By Kevin E. Noonan --
H.R. 3995), was introduced "[t]o prohibit brand name drug companies from compensating generic drug companies to delay the entry of a generic drug into the market, and for other purposes." The two Congressmen were also joined by Reps. Chris Van Hollen (D-MD), Frank Pallone (D-NJ), G.K. Butterfield (D-NC), and fellow Illinois Rep. Jan Schakowsky.
Rep. Rush describes the intent of these provisions on his home page. "Currently," he explains, "these arrangements have generally been held to be legal but they hurt consumers and increase the cost that taxpayers pay to fund Medicare and Medicaid." These settlements "cost consumers billions of dollars" (noting that the Congressional Budget Office estimates that the cost "could be" "roughly 3 billion dollars over ten years" to taxpayers, raising the (unanswered) question of why that estimate is so carefully qualified. The Congressman also believes that:
We should be concerned about what patients and the federal government are not getting out of these anticompetitive arrangements. Consumers and patients, a good many of whom are elderly and on fixed incomes are not getting access to more affordable generic drugs to help treat their conditions. And, the government is not getting the benefit of lower drug prices and related cost savings for Medicare and Medicaid that would help significantly in reducing our federal deficit.
His intention is clearly stated: "My bill would outlaw these settlement abuses and work to reverse the heavy tolls that they take on consumers' wallets and the Federal treasury from having to pay more money over a longer period of time for brand name drugs and authorized generics."
While certainly heart-felt, these sentiments fly in the face of careful economic analyses by several Federal Courts of Appeal that (in individual cases) lawful reverse payments actually reduce costs for consumers (in the long run) and avoid wasteful investment by innovator companies in litigation rather than innovation (see "Reverse Payments in Generic Drug Settlements" - Part I, Part II, Part III). Indeed, the only governmental agency more committed than some Congressmen to the need to eliminate the "scourge" of reverse payment settlements is the Federal Trade Commission, which posits that reverse payments only occur when the underlying patents are invalid or unenforceable (thus cynically refusing to consider that sound economics rather than nefarious lawyering is the basis for innovator companies to enter into reverse payment settlements).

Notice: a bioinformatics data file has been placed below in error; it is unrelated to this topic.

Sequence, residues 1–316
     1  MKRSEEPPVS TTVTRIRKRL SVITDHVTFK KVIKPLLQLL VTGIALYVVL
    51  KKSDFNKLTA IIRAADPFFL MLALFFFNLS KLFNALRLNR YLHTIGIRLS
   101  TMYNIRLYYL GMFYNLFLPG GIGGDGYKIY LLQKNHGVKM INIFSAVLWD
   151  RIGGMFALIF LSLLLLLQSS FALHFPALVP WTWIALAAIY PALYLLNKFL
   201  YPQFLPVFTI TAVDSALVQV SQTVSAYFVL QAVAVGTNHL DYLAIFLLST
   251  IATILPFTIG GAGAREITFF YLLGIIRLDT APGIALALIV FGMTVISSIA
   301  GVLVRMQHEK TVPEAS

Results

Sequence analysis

The bill stands a chance of passage if only because it seems to promise reduction in drug prices and in the cost of drugs to the Federal government. As with much of what is happening in the country these days, it is long on short-term gain and short on long-term consequences, and contrary to the overwhelming experience of these agreements when scrutinized by courts in the context of antitrust litigation. While restricting enforcement to the FTC may prevent every state attorney general or aggrieved citizen from filing a lawsuit based on the Sherman Act (and avoid except for the perjury provisions the threat of criminal sanction), the bill represents another piece of political drama that may actually have much more negative consequences economically than the benefits it purports to pursue. Perhaps the improbability of its passage in view of the current political climate is a blessing. But it should not be too much to ask that our representatives actually consider all the consequences before they attempt to impose limits on the flexibility of innovator and generic companies to iron out their differences and provide both new drugs and generic copies of old drugs within the prevailing regulatory regime.